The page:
He points out that the musical expression cannot exist without "the great corpus of what constitutes canonical music, with all its formalities, rules, structures and styles", and that listening to a work of music involves bringing forth (one's knowledge of) other pieces of music and musical forms one has heard. But the fact that works of art refer to each other is not a new insight. On the contrary, it has been one of the main points in the theory of intertextuality, and there is nothing that requires a specific social approach to art.

Music as utopia

Said's last point is that music can act as an alternative, a protest against the social mainstream. Here the key words are loneliness, remembrance and confirmation. In contrast to Theodor Adorno, he believes that not all music "can be experienced as ruled by dominance and supremacy", that music can be experienced as utopia. Here he spends a lot of time on literary descriptions of music, especially from Marcel Prousts On the trail of lost time. Here are also detailed descriptions of personal concert experiences, descriptions that can be perceived as idiosyncratic and unsuitable to illuminate his points. He also acknowledges in the introduction that this is his most superficial chapter. Here he is at his most opaque.


Said spends a lot of space on Adorno, with whom he defines his position in many ways and has an ambivalent relationship. Adorno was one of the 20th century's most important music sociologists, in addition to being a composer himself. Like Adorno, Said accepts that there is something that can be called "western classical music". He is inspired by Adorno's historical approach to musical development, the "dramatic line" in music, as well as his thoughts on the regression of listening ability. But he does not accept Adorno's Hegelian historical teleology (telos means "goal"), which means that music history develops with an almost deterministic necessity, and which also has as a difficult-to-accept consequence that musical works have a life, that their ontological (being-related) status is changed, so to speak, by the reception.

Said also makes an interesting historicalization of Adorno – he claims that although his descriptions "are true for the period he wrote in", they become insufficient for music after the second Viennese school peak in the 1920s (ie primarily the composers Schoenberg, Berg and Webern). A selection of Adorno's music essays can also be found in the Pax 'Artes series, with an exemplary afterword by one of the translators, Arnfinn Bø-Rygg.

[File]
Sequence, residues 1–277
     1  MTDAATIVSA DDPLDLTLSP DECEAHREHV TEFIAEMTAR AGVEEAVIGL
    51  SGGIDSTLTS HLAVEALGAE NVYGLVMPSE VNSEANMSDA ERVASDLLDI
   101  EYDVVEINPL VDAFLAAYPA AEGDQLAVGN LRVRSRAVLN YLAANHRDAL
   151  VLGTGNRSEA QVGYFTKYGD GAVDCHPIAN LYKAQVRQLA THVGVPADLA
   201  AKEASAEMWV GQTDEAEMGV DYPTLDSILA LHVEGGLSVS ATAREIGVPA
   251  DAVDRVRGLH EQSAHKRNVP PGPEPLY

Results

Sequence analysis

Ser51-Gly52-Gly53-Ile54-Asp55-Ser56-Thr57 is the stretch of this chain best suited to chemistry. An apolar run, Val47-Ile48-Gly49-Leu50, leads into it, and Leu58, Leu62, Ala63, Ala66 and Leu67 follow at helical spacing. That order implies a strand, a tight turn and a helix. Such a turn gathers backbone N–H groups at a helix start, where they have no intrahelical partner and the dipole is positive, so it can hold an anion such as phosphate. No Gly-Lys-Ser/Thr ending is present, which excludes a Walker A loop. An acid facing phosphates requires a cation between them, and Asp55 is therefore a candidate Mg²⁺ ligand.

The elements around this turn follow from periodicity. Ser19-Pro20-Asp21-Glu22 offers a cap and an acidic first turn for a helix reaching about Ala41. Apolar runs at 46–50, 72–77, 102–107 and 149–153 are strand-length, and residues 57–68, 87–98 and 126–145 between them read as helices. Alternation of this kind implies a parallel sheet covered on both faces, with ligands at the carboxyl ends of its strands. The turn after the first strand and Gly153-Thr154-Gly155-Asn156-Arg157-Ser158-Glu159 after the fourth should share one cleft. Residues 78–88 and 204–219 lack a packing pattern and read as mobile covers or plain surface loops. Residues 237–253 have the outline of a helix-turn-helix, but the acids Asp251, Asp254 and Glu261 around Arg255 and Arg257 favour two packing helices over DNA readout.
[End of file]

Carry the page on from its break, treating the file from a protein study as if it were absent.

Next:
Criticism of musicology

Said criticizes musicology for being too positivistic; he believes it has not absorbed insights from other hermeneutic disciplines and sticks to borders and closed spaces. (He points out, however, that he is not out on a "crusade" against musicology.) He finds music more interesting when it is considered as something that takes place within a social and cultural context. It does not seem to have struck him that musicology is "restricted" because it focuses on music in the capacity of music, and not as a social phenomenon. I think the focus of musicology is understandable, considering the non-linguistic nature of music. For it is an open question about Saids, and for that matter Adornos, socio-historical approach is better suited to "capture" the "whiteness" of music (I use this term to avoid the charged word "essence", a term Said takes distance from).

I do not think I am left with a greater understanding of music after reading this book. However, it is both interesting and largely well-written, although Said has the same annoying tendency as Adorno to opacity.

The lectures were held with auditory examples. For lack of this, the book is equipped with note examples. It is a pity that these note facsimiles in the Norwegian edition due to the series' format are so small that they are almost illegible. However, the scores are not essential to be able to understand the text, so there is no major drawback. The translation is generally good, even if it is marred by some minor errors and carelessness.

Despite the objections, this is a book I would recommend to anyone with an interest in music. In particular, it can be a good alternative for those who are interested in the place of music in the social space, and who think Adorno is unbearably obscure.